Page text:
Ivory appealed, arguing that his counsel was ineffective in not having Dr. Stetler testify. This Court dismissed the appeal, see United States v. Ivory, 223 F. App'x 808, 808-10 (10th Cir. 2007), and Ivory pursued his ineffectiveassistance claim in the district court, arguing that Dr. Stetler could have undermined key aspects of Koch's testimony. The district court denied Ivory relief under 28 U.S.C. § 2255. First, it ruled that Ivory's counsel was not deficient in declining to call Dr. Stetler as a witness. The court reasoned that defense counsel made a strategic decision based on the circumstances at the time: (1) Dr. Stetler could be used only regarding the risks of cross-contamination; (2) defense counsel had already succeeded in revealing to the jury both that cross-contamination had occurred in Koch's lab and that Koch had made an error during her analysis of Ivory's case; (3) Koch could be recalled to further refute the defense's cross-contamination theory if Dr. Stetler testified; and (4) the government could undermine Dr. Stetler's testimony on the ground that he had performed no independent testing on the DNA samples in the case. The district court thus concluded that it was not unreasonable to proceed without Dr. Stetler, given the minimal value of his anticipated testimony and the inherent risks of putting him on the stand. The district court also concluded that there would have been no prejudice even if defense counsel had performed deficiently. Among other things, the court cited evidence showing the connection between Ivory and the car in which the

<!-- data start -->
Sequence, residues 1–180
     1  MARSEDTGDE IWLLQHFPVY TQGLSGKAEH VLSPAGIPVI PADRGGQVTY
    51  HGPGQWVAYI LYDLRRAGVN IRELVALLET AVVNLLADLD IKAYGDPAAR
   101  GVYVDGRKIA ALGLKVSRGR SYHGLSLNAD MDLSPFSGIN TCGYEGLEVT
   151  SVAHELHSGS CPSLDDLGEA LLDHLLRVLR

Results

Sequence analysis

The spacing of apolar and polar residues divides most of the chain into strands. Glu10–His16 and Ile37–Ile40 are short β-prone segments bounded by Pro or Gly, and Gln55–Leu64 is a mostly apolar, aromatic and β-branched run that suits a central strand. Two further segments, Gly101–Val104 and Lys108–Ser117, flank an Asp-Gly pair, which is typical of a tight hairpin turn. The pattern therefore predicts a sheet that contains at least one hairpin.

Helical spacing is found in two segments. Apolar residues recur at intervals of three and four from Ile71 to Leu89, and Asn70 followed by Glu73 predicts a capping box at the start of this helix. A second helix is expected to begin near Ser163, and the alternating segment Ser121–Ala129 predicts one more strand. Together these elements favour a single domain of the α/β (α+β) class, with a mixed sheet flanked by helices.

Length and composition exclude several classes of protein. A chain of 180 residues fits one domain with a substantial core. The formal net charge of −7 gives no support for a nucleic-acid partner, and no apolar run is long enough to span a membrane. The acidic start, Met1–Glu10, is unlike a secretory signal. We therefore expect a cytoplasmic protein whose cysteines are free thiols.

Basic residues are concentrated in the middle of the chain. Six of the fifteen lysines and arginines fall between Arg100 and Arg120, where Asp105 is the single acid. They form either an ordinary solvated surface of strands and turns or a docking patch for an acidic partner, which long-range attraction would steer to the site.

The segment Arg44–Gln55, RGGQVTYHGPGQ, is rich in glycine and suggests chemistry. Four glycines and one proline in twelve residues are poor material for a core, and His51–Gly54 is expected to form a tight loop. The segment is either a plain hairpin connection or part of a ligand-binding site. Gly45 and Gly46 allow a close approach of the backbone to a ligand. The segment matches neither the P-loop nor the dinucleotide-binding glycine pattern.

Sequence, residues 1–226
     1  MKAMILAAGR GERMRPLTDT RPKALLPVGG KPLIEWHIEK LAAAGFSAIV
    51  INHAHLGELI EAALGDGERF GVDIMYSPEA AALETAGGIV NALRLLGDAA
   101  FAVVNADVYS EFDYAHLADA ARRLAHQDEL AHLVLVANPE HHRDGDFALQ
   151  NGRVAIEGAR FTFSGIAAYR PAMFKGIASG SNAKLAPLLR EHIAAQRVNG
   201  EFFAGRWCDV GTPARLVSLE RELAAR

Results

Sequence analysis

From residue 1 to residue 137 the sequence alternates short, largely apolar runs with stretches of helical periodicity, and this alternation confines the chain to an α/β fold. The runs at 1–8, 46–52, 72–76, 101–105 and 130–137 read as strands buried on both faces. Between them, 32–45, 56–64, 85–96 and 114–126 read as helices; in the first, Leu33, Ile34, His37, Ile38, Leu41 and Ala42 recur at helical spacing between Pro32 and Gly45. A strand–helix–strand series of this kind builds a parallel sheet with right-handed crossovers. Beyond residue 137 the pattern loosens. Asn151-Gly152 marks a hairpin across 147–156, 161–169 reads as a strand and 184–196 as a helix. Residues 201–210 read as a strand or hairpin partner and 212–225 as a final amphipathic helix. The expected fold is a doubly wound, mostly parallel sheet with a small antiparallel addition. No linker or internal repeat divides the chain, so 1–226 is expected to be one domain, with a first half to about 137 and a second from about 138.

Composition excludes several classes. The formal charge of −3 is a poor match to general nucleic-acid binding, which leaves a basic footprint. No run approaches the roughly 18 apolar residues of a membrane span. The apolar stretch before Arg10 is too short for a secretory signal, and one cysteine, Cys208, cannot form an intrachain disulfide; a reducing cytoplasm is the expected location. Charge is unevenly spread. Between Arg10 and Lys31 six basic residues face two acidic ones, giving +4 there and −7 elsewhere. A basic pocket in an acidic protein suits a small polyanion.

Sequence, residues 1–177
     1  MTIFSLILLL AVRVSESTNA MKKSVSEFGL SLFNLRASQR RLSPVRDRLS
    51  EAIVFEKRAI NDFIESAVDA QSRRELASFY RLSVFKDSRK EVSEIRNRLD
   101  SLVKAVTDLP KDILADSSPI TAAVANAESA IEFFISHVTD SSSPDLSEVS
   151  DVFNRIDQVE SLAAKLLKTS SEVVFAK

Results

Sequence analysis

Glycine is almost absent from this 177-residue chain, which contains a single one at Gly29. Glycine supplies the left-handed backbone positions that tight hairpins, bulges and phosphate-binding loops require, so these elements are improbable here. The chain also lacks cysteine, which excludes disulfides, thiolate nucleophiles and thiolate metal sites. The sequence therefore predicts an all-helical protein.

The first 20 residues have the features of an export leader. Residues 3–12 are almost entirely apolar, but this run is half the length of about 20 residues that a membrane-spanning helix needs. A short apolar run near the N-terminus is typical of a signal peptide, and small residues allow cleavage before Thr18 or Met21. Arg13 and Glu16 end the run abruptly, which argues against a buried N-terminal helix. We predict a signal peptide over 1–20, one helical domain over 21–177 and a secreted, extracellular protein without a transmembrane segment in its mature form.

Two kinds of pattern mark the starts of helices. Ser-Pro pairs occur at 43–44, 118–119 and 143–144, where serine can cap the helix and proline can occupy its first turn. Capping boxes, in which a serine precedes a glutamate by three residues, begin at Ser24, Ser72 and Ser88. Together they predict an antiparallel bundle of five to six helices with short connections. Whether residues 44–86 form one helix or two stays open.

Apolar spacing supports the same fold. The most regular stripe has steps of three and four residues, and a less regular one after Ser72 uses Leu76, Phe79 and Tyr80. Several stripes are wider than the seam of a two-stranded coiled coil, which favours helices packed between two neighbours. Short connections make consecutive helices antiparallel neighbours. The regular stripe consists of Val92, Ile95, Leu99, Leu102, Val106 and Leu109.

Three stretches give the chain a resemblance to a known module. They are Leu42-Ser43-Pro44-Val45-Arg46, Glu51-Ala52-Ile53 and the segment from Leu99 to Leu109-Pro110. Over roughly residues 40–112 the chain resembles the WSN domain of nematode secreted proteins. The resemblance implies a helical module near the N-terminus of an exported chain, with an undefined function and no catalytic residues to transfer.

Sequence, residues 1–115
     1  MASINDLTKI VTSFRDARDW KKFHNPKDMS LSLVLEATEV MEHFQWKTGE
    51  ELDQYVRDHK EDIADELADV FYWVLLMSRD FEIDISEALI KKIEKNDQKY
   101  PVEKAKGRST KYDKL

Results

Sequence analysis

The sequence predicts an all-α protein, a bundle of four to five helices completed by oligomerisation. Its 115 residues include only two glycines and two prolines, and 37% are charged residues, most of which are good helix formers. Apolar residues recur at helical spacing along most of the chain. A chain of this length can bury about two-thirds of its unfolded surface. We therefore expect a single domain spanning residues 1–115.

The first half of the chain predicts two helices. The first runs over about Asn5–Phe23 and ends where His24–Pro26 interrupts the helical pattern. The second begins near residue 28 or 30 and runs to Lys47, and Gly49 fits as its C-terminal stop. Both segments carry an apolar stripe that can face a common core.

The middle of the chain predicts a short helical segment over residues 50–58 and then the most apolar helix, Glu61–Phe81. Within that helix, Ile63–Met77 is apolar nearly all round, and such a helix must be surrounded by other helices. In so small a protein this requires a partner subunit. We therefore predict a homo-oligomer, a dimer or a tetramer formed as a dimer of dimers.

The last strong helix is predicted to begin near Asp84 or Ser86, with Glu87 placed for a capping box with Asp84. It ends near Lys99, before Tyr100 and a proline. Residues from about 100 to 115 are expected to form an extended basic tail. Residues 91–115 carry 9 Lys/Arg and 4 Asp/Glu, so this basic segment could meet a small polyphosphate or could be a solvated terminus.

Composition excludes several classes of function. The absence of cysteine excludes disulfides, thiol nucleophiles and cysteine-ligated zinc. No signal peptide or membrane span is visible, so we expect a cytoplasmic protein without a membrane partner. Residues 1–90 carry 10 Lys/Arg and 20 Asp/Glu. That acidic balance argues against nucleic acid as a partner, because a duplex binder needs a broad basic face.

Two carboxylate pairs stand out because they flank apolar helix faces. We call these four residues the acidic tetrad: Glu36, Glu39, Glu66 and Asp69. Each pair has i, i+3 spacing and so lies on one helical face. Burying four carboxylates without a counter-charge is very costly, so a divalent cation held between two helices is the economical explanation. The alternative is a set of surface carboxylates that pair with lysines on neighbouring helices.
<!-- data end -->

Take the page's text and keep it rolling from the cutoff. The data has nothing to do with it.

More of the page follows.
firearm was found, as well as the evidence that Ivory had possessed the very same firearm in the past. Ivory now appeals. D ISCUSSION We review "the district court's legal rulings on a § 2255 motion de novo and its findings of fact for clear error." United States v. Kennedy, 225 F.3d 1187, 1193 (10th Cir. 2000) (quotation omitted). A claim of ineffective assistance of counsel is a mixed question of law and fact that we review de novo. Id. at 1197. To prevail on an ineffective-assistance claim, the petitioner must show both that: (1) "counsel's representation fell below an objective standard of reasonableness"; and (2) there is a "reasonable probability that, but for counsel's unprofessional errors, the result of the proceeding would have been different." Strickland v. Washington, 466 U.S. 668, 688, 694 (1984). Ivory re-asserts his district-court arguments concerning defense counsel's decision to not call Dr. Stetler as a witness. After reviewing the record, the parties' appellate briefs, the district court's thorough order, and the relevant legal authorities, we conclude that the district court did not err in denying Ivory's § 2255 motion.
C ONCLUSION Accordingly, we AFFIRM the district court's judgment for substantially the same reasons given by the district court in its memorandum and order dated August 22, 2008. Entered for the Court
Bobby R. Baldock Circuit Judge